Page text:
Parental firsts likely aren't as significant as the actual new experience for a child, but I'm guessing we'll remember the milestone better than they. At least for awhile.
This past week, Jennifer and I joined a few hundred other parents of kindergartners-to-be for a roundup at Hays High School. The August start might be four months away, but preparation is well under way. Not so much from our perspective, but USD 489 will be working with four elementary schools next school year instead of five. Administrators and teachers need to know how many total kindergartners they'll be working with, and where parents would prefer their children attend.
The whole parental choice component is something new for us, as neither of us have lived anywhere such an option existed. Even if we had grown up in Hays, we still wouldn't know what it was like. Back then, kids just went to school at whatever building was closest to them. If you didn't like it -- too bad. Options were limited to attending that school, switching to the Catholic school, or behaving so badly you got expelled -- and then had to scramble to meet the statutory dictates until you were 16.
Somewhere along the line things changed in Hays. Parents were given the option of where to drop their kids off or, up until this year, where a bus could drop them off. As I'm not sure when that option became available, I don't have comparative demographics to present between then and now.
But the now is readily available. Building data provided by the Kansas State Department of Education reveal interesting if not surprising statistics. The most recent figures are from the 2012-13 school year, but it's a safe bet they're similar to the current semester.
For example, Wilson Elementary School is 92.5 percent white, 4.8 percent other, and 2.8 percent African-American or Hispanic. Free and/or reduced lunch eligible children make up 29.6 percent of the student body.
Roosevelt is 91.9 percent white, 3 percent other and 5.2 percent Hispanic or African-American. The economically disadvantaged population is 42.8 percent.
O'Loughlin is 84.7 percent white, 9.4 percent other, and 5.8 percent African-American or Hispanic. Free and/or reduced lunches are available for 35.5 percent.
Lincoln is 76.3 percent white, 5.3 percent other, and 18.4 percent Hispanic or African-American. The disadvantaged population is 48.5 percent.
Washington is 41.7 percent white, 5.3 percent other, and 53 percent Hispanic or African-American. The economically disadvantaged population is 87.9 percent.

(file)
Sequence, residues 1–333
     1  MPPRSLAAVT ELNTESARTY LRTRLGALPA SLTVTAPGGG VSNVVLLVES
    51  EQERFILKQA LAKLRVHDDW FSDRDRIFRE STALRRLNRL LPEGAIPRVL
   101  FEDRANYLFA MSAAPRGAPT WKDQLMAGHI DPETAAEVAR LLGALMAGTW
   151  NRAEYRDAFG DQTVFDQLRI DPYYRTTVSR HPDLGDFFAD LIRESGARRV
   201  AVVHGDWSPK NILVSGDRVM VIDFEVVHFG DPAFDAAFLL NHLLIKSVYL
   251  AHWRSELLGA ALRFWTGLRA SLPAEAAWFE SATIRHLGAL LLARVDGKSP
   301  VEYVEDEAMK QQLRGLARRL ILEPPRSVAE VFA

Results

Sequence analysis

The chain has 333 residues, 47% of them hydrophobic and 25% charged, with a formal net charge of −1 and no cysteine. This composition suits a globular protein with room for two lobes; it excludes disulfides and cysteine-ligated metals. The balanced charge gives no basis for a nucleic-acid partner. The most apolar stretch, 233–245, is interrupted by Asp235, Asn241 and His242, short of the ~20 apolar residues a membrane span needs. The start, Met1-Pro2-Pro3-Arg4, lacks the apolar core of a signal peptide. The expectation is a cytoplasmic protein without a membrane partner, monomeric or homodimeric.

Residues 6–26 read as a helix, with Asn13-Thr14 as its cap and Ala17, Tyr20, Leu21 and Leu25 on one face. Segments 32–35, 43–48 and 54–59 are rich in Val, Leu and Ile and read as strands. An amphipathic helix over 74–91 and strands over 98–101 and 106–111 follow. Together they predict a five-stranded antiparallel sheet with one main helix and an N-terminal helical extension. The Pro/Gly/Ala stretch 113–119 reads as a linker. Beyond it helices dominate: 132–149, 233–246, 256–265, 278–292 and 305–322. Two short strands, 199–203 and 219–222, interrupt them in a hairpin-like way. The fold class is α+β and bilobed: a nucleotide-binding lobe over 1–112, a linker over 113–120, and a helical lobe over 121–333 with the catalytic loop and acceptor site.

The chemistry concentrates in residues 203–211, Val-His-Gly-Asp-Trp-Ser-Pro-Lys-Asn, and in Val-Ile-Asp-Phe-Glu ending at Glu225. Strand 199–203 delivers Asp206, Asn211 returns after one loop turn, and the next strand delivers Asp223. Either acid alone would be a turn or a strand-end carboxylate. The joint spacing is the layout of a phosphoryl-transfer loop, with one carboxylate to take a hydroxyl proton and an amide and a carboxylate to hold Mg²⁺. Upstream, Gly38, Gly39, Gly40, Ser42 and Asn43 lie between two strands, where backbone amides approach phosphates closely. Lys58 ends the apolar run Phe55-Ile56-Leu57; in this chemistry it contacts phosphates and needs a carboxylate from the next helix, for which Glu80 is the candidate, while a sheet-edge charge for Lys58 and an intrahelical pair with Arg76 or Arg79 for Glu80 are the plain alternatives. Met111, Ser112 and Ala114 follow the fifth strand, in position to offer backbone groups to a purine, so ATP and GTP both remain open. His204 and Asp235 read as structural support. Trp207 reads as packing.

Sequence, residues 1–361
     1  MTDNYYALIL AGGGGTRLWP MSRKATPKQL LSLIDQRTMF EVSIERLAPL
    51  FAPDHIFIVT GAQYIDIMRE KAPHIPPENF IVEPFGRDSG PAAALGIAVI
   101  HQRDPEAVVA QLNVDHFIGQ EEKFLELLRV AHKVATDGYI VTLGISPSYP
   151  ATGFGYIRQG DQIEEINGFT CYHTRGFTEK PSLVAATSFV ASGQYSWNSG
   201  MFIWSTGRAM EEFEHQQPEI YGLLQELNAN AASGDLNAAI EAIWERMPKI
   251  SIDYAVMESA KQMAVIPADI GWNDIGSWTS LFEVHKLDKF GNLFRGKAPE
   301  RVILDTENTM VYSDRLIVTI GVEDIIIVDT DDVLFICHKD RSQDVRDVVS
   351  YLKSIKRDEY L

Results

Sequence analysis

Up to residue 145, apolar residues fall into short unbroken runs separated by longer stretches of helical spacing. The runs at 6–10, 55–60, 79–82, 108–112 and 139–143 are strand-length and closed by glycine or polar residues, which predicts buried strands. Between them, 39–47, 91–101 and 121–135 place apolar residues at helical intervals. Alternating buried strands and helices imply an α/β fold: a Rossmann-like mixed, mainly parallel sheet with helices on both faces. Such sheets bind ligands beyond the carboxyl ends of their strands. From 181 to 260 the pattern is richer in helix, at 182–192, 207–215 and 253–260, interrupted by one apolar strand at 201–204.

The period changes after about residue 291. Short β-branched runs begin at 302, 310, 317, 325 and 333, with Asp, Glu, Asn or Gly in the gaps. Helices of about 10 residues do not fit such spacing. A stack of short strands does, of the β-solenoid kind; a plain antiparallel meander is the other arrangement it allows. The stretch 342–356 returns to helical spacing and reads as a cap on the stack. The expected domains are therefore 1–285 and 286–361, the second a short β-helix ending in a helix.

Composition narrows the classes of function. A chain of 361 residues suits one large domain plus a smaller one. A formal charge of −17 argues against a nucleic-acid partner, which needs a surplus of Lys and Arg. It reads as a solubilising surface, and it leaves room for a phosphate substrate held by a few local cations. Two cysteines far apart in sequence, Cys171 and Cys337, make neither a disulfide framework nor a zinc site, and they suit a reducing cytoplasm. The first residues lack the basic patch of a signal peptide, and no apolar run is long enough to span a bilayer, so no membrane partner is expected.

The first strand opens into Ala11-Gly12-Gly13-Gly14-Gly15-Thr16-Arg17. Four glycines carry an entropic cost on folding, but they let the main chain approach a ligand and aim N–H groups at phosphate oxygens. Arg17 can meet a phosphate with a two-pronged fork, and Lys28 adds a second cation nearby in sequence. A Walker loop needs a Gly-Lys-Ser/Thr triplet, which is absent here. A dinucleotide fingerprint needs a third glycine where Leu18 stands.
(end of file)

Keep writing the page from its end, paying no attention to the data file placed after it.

Granted, with Washington being the smallest of the five schools, it doesn't take large numbers to move percentages significantly. And it is the only building south of the railroad tracks, so its natural base draws from parents living near downtown or the university. Still, it seems more than coincidence and parental choice that regularly assembles such a dramatically different looking student body.
It comes as no surprise that supporters of Washington are extremely concerned about the upcoming assimilation into other buildings. The learning environment there has been outstanding -- and beneficial.
The number of licensed teachers doesn't seem to differ from school to school. Lincoln, Roosevelt and O'Loughlin all report 100 percent. Wilson and Washington's data was not available, but I would guess it's the same.
When it comes to student test scores, O'Loughlin had 97.5 percent testing at least proficient in reading and 94.3 percent in math. Roosevelt had 97.8 percent in reading and 90.4 percent in math. Wilson was 87.8 percent in reading; 77.3 in math. Washington was 82.1 reading; 73.2 math. Lincoln was 78.3 reading; 73.9 math.
We did not discover such information by attending the kindergarten roundup. In fact, I was surprised the principal from each school didn't get a chance to speak. All the information presented that night was general and applicable to all four surviving elementary schools. Following that, parents were instructed to take their completed forms to the individual buildings' table.
It was at that point a clear distinction emerged. There were parents who already had made their decision and more than likely had reserved a spot at the chosen school. And then there were parents who assumed the roundup was the beginning of the process. Given the number of people in the first category, frustration ensued for those in the second. There are waiting lists at some schools. With approximately 250 kids identified for kindergarten, and a target maximum of 23 per class, the existing 11 sections (three each at Roosevelt, O'Loughlin and Wilson, and two at Lincoln) should be enough. They just might not be distributed in such a way that all parents get to exercise the aforementioned parental choice. Or at least their first option.
We have Sophia's spot secured, so you can guess which group we were in. We over-plan for everything. Heck, we had her signed up for preschool shortly after she was born. We visited all three schools in our neighborhood, talked with the principals and toured the buildings.
Frankly, it would have been much easier if the district simply looked at our address and said: "You'll go to this school." Oh well, it probably is a good reminder of what lies ahead. Sophia is a member of the Class of 2028.
Patrick Lowry is editor and publisher
of The Hays Daily News.